CEO Jack Dorsey asked Twitter users what improvements they most wanted to see, and of course, he got quite an handful of replies -- over 5,700. The most requested feature was the ability to edit tweets after you've sent them, rather than having to delete and start again, which the top man at the social media company agreed that "the edit feature is def needed," and that the company is "thinking a lot about it."
Dorsey suggested that there are two types of edits Twitter could implement. The first would allow a window, say five minutes, to fix any typos, bad links and other user errors. The other would allow you to make edits anytime, much as you can on Facebook.
However, some users suggested any edits would worsen trust issues with the site, and personally, I do agree as twitter over the years has been known for it's original content due to on-the-time tweets feature and also by permitting the ability to alter tweets, news sites or prominent individuals could slightly change their context and meaning, to save themselves from potential embarrassment or Social media fails. for instance. President-elect Trump, for one, considers the site as his own personal "newspaper -- without the losses," he once tweeted. With this feature whenever he tweets something controversial( which is almost a normal thing) and he deletes the tweets, many users might not notice if one has been slightly altered.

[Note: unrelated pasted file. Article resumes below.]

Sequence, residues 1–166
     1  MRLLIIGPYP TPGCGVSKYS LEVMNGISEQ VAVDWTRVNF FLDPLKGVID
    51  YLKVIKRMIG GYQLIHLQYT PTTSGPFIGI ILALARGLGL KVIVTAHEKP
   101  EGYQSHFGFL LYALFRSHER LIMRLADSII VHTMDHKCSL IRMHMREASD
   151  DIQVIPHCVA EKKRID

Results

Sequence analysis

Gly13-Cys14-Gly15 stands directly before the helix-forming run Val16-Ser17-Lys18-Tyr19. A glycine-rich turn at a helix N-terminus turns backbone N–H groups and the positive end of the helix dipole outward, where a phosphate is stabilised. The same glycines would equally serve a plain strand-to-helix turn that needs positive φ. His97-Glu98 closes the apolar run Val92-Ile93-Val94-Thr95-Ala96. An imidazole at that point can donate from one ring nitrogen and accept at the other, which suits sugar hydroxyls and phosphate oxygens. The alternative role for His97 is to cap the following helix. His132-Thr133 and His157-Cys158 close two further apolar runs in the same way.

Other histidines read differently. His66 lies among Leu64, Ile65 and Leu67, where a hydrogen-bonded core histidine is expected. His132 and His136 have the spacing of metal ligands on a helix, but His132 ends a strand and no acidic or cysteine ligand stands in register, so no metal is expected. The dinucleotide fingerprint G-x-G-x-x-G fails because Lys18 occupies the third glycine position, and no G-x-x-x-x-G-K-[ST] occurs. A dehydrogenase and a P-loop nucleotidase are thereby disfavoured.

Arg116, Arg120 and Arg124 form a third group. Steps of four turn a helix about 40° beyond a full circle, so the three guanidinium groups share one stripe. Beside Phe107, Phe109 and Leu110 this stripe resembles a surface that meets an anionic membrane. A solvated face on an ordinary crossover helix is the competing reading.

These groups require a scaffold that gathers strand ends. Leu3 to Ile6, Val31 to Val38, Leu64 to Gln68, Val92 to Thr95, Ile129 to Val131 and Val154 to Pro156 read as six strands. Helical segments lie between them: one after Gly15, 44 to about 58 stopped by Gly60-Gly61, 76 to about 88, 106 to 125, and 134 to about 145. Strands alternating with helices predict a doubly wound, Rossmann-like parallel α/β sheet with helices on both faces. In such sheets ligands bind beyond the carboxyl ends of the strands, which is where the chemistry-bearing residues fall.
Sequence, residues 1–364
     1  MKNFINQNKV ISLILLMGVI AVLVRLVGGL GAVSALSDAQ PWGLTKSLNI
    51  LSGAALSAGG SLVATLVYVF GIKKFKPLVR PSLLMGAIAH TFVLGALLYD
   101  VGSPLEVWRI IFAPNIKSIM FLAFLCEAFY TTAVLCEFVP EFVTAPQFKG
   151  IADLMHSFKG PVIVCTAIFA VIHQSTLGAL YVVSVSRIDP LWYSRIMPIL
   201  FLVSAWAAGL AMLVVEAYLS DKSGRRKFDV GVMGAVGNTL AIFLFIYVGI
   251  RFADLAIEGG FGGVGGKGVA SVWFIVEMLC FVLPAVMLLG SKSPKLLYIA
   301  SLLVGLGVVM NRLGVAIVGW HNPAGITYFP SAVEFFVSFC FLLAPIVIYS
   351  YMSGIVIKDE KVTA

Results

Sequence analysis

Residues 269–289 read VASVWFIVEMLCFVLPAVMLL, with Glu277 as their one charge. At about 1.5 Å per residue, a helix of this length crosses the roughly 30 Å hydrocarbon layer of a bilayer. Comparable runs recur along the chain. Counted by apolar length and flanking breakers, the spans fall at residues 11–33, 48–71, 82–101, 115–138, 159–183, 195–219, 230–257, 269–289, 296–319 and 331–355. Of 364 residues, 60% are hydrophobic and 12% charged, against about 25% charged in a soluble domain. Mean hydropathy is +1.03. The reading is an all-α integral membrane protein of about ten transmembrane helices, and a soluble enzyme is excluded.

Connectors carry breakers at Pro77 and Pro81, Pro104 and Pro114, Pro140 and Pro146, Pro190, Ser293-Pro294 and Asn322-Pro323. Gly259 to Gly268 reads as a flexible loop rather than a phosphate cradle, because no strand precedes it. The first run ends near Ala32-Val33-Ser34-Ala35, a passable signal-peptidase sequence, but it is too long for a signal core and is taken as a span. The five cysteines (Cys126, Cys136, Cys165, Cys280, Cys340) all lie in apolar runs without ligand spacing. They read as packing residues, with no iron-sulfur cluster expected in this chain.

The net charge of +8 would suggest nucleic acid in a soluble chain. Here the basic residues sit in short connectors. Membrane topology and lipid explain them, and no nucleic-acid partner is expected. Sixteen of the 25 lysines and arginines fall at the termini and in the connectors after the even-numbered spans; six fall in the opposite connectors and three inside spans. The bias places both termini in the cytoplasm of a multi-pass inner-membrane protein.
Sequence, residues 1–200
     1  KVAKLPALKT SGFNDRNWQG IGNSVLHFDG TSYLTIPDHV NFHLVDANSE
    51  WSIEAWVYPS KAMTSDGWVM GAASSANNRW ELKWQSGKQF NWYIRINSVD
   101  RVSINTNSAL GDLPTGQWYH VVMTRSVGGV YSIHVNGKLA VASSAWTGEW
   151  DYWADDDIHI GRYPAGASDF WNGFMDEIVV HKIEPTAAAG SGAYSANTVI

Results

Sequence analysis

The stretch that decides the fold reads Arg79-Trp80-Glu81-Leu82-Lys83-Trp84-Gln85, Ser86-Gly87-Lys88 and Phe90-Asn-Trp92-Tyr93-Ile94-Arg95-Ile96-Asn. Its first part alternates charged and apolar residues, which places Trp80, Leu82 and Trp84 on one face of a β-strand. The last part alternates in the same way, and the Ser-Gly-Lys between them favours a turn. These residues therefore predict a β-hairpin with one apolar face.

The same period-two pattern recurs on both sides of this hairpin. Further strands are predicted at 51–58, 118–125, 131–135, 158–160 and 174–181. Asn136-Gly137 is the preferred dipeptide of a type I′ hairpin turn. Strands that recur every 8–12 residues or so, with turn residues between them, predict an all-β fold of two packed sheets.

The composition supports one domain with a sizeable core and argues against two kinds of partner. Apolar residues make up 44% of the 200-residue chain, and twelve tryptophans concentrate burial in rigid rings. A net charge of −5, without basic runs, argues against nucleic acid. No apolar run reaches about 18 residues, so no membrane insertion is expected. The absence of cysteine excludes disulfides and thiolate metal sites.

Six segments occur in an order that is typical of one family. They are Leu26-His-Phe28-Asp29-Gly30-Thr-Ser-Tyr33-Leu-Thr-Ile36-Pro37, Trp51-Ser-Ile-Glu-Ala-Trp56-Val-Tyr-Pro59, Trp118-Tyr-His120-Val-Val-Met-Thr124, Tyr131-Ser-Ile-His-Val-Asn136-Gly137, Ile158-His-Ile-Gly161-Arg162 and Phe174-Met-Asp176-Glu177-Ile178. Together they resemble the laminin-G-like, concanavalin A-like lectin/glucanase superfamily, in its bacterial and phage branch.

However, as with Facebook, Twitter would be forced to implement a revision history in that case so that edits don't go "off the public record," Dorsey said.
Del is enough, edit could be dangerous
"Delete is enough. Context changing post-fact is dangerous," user Justyn Howard replied to Dorsey. He added that even short edit windows between 30 seconds and five minutes aren't really needed since you can just delete and repost a tweet.
@JBoorman I say "do you like to eat pizza", you reply "yes" 3 minutes later. I change pizza to babies. Wouldn't you rather I deleted it?
— Justyn Howard (@Justyn) December 29, 2016
Other top suggestions were to introduce bookmarks so you could find favorite tweets easier, rather than just using the "like" button, which also effectively endorses the tweet. The other main demand, of course, was to improve safety and reporting options for bullies, something Twitter has been taken to task for many times. In replying to many of those requests, Dorsey called it the company's "top priority."